Hernandez life seems to have taken a downward spiral after the death of his father in 2006. The bond between father and son was, by all accounts, a deep and warm one but when father Dennis passed it seems his youngest son set off on a truly dark path. It goes without saying that people react to bereavement in markedly different manners, but if Hernandez had this –and there is no other word for this- malevolent streak in him, it is a shame that some dominant character somewhere in his life was not able to look past the outrageously talented athlete and see a highly troubled, aggressive youngster and try reaching out. Surely this man was not born a killer, so, how was he allowed slip down so many cracks before hitting absolute rock bottom?
Or are we being too lenient on Hernandez? Perhaps someone in his native Connecticut tried to help Hernandez. Or a college coach tried to steer him on the right path. Or maybe we’re just pushing out some dreamy nonsense about everybody having good in them when really we should be acknowledging that the protagonist alone should be held accountable for their actions. Still, we’re not buying the idea that a boy was born of Connecticut in 1989 with a killer’s blood already running through his veins. The extent of the New England Patriots hesitancy -financially driven of course- towards selecting Hernandez was in their decision to pick him in the fourth round of the annual college draft due to their reservations about Hernandez’ character. Teams don’t like when a first or second round pick becomes a ‘bust’ so Hernandez’ extra-curricular activities in Florida – at this point Hernandez had already tested positive for marijuana and far more seriously was alleged to have been involved in a double shooting in Gainesville, Florida- probably knocked him a rung or two down the ladder. Surely, by this time, if coach Bill Belichick and Patriots owner Robert Kraft had serious concerns over the character and make-up of the then twenty-year-old one imagines they would have completely overlooked him. The reality is that right up until his arrest in 2013 Hernandez was a prized asset in his one-two tight end wrecking crew tandem with the ubiquitous Rob Gronkowski. He was just a year into a five-year $40 million contract.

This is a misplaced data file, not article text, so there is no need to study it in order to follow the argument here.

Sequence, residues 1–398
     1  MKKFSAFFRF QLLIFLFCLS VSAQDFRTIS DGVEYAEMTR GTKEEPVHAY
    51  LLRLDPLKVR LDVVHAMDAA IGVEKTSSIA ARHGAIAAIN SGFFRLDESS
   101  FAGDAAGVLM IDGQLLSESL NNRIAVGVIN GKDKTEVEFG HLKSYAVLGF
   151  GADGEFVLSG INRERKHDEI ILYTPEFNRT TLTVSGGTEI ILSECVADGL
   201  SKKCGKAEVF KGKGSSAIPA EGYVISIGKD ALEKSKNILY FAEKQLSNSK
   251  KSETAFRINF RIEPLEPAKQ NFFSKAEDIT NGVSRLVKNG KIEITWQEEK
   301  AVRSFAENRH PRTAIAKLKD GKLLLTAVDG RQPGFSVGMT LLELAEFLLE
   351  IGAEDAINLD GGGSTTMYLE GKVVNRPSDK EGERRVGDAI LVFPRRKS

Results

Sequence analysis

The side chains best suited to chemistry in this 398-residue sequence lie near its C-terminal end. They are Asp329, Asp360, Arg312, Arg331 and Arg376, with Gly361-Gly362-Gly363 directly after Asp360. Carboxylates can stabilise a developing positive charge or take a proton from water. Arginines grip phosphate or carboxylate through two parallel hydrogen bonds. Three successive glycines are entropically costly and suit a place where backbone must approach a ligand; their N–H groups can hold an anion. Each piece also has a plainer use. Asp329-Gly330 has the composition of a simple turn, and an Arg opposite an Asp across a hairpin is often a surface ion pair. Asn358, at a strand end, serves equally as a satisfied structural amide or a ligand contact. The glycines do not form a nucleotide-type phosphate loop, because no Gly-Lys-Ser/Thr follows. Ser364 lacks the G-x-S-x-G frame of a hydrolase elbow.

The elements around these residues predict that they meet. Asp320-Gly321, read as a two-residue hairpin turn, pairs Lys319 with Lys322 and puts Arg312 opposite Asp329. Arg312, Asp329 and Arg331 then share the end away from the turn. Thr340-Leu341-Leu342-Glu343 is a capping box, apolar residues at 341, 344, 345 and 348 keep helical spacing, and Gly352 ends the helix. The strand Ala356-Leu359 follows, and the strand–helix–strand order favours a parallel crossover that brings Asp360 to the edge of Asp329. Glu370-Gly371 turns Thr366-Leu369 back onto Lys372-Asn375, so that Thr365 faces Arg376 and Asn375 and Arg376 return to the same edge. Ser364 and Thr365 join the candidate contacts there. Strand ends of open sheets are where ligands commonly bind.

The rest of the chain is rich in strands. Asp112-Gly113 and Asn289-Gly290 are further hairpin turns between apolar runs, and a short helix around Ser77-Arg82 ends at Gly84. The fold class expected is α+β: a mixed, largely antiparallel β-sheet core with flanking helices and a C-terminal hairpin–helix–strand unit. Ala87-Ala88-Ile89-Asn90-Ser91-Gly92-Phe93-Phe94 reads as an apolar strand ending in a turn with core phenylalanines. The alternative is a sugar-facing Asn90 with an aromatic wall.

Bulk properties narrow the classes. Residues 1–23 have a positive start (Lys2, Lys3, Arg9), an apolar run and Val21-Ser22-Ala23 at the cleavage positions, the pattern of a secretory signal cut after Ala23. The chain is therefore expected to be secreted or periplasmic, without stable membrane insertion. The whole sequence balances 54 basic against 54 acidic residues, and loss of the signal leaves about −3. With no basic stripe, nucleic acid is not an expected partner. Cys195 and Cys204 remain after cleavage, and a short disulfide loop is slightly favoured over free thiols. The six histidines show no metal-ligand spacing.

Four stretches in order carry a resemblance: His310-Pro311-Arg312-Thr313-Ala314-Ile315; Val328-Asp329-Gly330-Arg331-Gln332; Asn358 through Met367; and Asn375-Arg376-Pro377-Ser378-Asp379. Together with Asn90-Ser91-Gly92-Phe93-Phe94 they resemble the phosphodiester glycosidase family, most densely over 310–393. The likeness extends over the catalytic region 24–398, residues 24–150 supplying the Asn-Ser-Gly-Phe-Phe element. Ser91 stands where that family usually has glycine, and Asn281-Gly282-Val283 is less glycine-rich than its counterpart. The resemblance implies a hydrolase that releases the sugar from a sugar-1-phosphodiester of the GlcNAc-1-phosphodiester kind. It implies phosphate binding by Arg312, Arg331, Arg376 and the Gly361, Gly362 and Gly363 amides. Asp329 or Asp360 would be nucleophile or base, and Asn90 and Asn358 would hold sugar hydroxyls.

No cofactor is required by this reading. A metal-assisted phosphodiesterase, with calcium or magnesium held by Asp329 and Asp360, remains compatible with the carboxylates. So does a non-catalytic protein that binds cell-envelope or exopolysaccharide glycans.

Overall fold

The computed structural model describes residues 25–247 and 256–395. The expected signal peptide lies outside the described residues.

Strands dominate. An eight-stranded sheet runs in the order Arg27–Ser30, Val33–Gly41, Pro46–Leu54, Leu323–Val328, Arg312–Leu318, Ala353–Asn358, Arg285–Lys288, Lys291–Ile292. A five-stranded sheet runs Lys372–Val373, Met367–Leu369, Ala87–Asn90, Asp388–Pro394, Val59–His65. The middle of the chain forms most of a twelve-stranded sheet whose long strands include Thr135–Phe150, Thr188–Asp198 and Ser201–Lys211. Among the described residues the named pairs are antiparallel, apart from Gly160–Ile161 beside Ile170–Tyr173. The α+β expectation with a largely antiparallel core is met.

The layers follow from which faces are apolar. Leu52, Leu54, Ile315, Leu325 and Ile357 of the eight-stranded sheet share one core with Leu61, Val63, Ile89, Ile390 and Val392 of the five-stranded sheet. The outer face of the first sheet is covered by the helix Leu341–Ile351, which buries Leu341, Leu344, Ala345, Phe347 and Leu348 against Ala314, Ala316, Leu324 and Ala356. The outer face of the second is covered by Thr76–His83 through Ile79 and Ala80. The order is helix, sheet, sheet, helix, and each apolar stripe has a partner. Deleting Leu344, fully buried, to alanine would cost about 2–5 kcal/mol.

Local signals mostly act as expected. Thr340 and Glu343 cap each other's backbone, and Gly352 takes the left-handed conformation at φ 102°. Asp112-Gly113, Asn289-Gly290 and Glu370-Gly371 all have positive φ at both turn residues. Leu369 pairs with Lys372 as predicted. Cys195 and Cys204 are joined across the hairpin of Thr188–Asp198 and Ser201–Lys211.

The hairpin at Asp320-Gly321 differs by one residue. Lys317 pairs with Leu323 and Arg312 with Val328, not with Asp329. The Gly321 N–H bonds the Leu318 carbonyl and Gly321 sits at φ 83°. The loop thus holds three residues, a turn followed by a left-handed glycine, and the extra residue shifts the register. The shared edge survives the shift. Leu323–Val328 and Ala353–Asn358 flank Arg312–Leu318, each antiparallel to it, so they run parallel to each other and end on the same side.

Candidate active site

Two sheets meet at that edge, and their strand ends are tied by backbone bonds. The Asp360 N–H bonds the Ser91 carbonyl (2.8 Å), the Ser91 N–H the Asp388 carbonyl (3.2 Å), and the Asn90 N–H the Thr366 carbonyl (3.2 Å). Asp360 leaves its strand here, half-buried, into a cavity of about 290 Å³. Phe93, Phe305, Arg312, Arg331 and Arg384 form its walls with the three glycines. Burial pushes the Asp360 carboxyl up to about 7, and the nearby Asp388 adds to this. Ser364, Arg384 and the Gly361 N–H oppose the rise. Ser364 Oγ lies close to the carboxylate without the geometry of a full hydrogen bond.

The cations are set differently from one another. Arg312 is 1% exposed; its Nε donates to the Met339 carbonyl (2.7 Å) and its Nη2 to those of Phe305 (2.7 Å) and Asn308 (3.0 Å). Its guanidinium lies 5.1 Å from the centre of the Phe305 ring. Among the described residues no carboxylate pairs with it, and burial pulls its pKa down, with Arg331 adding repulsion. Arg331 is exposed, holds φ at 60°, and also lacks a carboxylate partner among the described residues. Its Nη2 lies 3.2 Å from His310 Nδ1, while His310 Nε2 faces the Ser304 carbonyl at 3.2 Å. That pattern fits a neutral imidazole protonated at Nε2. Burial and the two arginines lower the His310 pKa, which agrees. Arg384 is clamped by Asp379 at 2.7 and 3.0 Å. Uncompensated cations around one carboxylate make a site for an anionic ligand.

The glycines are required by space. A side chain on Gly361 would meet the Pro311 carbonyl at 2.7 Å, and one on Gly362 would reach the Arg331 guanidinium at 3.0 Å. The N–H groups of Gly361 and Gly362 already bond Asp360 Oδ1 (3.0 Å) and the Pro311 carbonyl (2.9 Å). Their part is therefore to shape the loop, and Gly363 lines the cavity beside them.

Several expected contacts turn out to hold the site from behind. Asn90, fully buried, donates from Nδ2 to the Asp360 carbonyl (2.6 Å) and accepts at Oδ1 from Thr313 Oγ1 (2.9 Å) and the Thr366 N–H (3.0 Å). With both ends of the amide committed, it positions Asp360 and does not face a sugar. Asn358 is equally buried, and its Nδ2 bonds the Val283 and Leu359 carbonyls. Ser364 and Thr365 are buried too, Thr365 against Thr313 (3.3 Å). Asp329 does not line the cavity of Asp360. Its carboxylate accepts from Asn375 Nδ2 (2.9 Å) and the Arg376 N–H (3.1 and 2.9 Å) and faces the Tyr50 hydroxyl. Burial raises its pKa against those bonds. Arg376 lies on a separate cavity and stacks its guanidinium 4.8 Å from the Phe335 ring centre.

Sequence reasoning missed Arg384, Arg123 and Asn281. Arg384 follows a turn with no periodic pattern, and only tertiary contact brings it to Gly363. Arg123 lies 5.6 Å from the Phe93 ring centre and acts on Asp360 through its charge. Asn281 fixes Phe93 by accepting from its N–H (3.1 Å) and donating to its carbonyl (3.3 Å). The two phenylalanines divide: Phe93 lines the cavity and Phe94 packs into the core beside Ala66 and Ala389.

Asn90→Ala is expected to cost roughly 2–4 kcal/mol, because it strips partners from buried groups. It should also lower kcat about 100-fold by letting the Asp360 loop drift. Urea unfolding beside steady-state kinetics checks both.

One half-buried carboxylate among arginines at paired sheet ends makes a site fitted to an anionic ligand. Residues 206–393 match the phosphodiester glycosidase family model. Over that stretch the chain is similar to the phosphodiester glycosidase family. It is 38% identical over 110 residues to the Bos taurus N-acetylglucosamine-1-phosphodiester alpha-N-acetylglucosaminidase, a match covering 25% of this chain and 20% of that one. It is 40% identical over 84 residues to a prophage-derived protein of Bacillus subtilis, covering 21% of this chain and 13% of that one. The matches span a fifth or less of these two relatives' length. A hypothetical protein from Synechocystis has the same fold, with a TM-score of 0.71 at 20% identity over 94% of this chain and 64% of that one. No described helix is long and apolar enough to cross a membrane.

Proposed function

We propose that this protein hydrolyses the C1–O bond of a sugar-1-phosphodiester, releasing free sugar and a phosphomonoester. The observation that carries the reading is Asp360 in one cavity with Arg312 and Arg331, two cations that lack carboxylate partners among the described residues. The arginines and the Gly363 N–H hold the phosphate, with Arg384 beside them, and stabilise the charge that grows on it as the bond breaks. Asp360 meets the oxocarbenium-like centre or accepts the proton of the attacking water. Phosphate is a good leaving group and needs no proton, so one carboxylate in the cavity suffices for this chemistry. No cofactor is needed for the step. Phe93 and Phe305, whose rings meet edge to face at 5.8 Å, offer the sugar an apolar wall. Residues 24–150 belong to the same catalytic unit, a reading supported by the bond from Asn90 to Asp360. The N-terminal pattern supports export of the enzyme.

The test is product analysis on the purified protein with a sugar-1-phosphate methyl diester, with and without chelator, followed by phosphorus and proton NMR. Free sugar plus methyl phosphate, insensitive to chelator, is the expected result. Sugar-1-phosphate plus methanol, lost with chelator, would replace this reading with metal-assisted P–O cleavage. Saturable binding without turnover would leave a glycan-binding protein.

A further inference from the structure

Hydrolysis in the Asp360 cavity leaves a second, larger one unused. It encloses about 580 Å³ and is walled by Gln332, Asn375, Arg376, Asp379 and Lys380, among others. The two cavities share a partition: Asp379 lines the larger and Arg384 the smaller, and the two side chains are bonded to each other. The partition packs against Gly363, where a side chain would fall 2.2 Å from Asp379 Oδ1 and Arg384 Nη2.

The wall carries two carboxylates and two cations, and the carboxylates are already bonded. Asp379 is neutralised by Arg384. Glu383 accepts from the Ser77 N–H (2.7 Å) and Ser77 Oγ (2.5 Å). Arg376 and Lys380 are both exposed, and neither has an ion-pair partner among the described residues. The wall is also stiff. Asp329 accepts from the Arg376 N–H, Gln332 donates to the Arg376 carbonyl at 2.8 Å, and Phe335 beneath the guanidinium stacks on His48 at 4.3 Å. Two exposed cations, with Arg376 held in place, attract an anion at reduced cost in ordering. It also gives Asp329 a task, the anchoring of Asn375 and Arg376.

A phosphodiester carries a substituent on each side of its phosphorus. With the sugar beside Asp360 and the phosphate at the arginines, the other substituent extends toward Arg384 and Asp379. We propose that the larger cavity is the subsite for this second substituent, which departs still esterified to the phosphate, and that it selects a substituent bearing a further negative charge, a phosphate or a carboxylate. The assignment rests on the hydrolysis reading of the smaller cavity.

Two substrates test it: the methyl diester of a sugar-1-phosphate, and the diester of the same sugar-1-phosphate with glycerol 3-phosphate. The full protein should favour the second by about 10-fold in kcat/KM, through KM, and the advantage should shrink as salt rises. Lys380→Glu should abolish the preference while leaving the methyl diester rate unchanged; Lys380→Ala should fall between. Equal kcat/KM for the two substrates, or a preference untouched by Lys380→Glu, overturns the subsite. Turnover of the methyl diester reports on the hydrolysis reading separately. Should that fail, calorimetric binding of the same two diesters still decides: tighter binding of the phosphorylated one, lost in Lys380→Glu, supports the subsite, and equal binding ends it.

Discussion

Again let us be quite clear. The extremely well prepared prosecution case shows that it was Aaron Hernandez who drove with two friends, Carlos Ortiz and Ernest Wallace to the car park of an industrial estate and took Odin Lloyd’s life in a cold and detached manner, despatching bullets into the victim’s back. Rather disturbingly, CCTV footage has Hernandez and his accomplices enjoying smoothies by his swimming pool while the former plays with his infant daughter just hours after the killing. We just wonder how a man with so much potential and opportunity was able to transform into this animal. The murder of Odin Lloyd was tragic and- as with most murders in a country where many allege liberal gun laws do not contribute to a disturbing number of gun-related deaths- entirely avoidable. There are, of course, wider lessons to be learned from the grim tale of Aaron Hernandez but, given the circumstances, the nagging feeling that all of this could have been avoided will always remain.